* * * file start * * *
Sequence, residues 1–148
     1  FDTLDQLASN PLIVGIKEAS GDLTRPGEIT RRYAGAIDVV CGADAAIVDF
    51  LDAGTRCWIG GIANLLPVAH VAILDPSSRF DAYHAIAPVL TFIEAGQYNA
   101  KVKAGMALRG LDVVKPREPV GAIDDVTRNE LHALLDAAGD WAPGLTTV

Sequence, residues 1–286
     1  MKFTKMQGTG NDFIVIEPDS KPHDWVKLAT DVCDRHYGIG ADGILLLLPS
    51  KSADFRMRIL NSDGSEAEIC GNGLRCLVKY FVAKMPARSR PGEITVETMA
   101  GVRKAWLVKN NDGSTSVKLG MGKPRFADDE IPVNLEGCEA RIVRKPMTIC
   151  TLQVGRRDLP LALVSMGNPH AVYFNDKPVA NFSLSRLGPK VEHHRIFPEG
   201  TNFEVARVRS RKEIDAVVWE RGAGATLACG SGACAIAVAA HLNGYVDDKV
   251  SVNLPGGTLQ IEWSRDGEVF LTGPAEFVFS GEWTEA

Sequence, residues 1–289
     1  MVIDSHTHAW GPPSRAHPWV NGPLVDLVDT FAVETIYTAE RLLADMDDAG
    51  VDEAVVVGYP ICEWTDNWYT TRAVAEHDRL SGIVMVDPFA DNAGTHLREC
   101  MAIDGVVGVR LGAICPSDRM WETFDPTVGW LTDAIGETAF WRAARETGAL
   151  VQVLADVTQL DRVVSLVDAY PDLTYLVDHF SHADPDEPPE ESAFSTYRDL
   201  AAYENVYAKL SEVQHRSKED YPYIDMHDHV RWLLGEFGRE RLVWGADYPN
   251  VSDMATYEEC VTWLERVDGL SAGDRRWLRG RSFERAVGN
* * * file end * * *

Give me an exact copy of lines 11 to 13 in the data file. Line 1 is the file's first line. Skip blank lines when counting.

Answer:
   251  SVNLPGGTLQ IEWSRDGEVF LTGPAEFVFS GEWTEA

Sequence, residues 1–289
     1  MVIDSHTHAW GPPSRAHPWV NGPLVDLVDT FAVETIYTAE RLLADMDDAG